I’m a long way up from the coast now, and each time I walk around to a new ravine, I wonder should I walk down only to walk up again, or shall I stay high until I find the famous bay where St Columba first brought news from Ireland of a remarkable man called Jesus to the Celtic peoples of Britain.
Suddenly, the terrain opens wide before me, the sun glistens off the flat stretch of water in the distance, and I see a ravine full of large pebbles. It seems somehow fitting that I should reach this place in the middle of the day in the middle of my week in Iona, the centrepiece of my sabbatical.
As I walk down the bay, I see that people have piled up the stones here and there, perhaps inspired by stories of the patriarchs. In the distance I can see patterns but can’t yet make them out. Then I see among all of these just one word, presumably created by some child, yet pregnant with meaning for me after my deliberations in the early weeks of my sabbatical, and even this very morning.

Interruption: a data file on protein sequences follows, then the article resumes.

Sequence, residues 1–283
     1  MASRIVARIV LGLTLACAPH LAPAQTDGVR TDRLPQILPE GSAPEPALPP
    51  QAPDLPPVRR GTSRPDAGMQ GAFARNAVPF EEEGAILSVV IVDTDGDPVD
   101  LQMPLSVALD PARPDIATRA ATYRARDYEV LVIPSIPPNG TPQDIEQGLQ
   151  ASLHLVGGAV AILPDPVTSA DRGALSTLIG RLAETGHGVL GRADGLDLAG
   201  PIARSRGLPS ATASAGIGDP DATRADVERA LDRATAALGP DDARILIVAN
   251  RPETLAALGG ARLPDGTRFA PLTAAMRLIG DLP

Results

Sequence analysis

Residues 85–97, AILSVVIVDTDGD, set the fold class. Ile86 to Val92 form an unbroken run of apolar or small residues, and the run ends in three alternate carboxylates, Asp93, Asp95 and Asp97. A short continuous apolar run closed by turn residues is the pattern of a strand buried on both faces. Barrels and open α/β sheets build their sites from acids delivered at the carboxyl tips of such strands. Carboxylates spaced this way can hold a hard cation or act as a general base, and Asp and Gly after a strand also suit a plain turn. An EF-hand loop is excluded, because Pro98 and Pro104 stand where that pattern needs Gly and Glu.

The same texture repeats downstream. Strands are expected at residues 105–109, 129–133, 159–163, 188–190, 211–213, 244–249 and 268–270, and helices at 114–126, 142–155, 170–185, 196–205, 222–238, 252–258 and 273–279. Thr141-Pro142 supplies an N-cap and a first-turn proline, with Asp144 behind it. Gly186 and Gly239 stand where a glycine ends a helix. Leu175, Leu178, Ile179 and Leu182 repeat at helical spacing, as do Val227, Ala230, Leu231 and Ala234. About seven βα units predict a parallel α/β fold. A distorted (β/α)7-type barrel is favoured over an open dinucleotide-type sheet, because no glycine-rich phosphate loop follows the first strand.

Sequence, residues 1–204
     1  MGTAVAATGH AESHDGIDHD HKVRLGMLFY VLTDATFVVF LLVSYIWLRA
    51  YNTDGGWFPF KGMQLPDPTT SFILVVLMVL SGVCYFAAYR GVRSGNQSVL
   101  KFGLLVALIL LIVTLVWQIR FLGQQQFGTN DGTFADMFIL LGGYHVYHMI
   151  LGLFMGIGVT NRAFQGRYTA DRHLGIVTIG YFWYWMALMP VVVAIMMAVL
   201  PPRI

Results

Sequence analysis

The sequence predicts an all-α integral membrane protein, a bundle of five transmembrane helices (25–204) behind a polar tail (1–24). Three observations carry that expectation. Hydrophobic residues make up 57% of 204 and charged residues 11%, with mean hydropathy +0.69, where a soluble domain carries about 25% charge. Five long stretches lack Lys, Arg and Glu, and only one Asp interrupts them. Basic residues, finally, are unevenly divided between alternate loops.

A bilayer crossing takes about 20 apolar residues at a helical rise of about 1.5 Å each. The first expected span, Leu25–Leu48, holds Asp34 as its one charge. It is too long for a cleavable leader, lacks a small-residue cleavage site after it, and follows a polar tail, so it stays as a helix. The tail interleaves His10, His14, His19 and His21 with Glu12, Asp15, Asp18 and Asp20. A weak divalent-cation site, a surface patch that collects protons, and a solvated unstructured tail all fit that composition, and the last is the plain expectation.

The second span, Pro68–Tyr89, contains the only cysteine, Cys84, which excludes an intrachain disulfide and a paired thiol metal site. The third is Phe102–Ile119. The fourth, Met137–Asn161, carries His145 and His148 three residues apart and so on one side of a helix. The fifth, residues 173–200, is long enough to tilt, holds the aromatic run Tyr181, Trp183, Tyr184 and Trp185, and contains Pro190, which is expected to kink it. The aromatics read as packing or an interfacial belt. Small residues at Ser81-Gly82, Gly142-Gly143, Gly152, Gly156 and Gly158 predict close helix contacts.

As if to ram home the spiritual nature of the metaphor, I see a large cross with a small cross by its side. Then yet another image from this morning now catches my eye. 10m from the word is a Star of David inside a large circle. Such a strange heap of coincidences as all my thoughts of the morning appear to be summed up in these three pictures written in stone.
The coincidences stretch my credulity to breaking point. I sense that God is graciously speaking to my heart, gently affirming the reality and immediacy of his presence, and powerfully giving me a new set of lessons for a new day.